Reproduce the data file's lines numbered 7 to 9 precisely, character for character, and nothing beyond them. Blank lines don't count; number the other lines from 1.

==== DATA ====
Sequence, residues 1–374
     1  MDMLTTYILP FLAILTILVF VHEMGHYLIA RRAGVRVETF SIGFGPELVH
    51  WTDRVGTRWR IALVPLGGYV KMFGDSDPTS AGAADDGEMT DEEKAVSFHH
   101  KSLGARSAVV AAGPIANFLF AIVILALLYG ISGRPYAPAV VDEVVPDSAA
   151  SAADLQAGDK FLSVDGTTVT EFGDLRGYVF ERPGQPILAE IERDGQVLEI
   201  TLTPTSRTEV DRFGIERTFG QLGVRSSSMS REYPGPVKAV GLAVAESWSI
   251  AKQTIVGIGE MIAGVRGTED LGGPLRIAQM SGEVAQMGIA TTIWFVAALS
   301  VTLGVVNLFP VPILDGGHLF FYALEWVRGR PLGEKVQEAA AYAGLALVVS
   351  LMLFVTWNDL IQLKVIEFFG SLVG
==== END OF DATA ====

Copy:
   251  AKQTIVGIGE MIAGVRGTED LGGPLRIAQM SGEVAQMGIA TTIWFVAALS
   301  VTLGVVNLFP VPILDGGHLF FYALEWVRGR PLGEKVQEAA AYAGLALVVS
   351  LMLFVTWNDL IQLKVIEFFG SLVG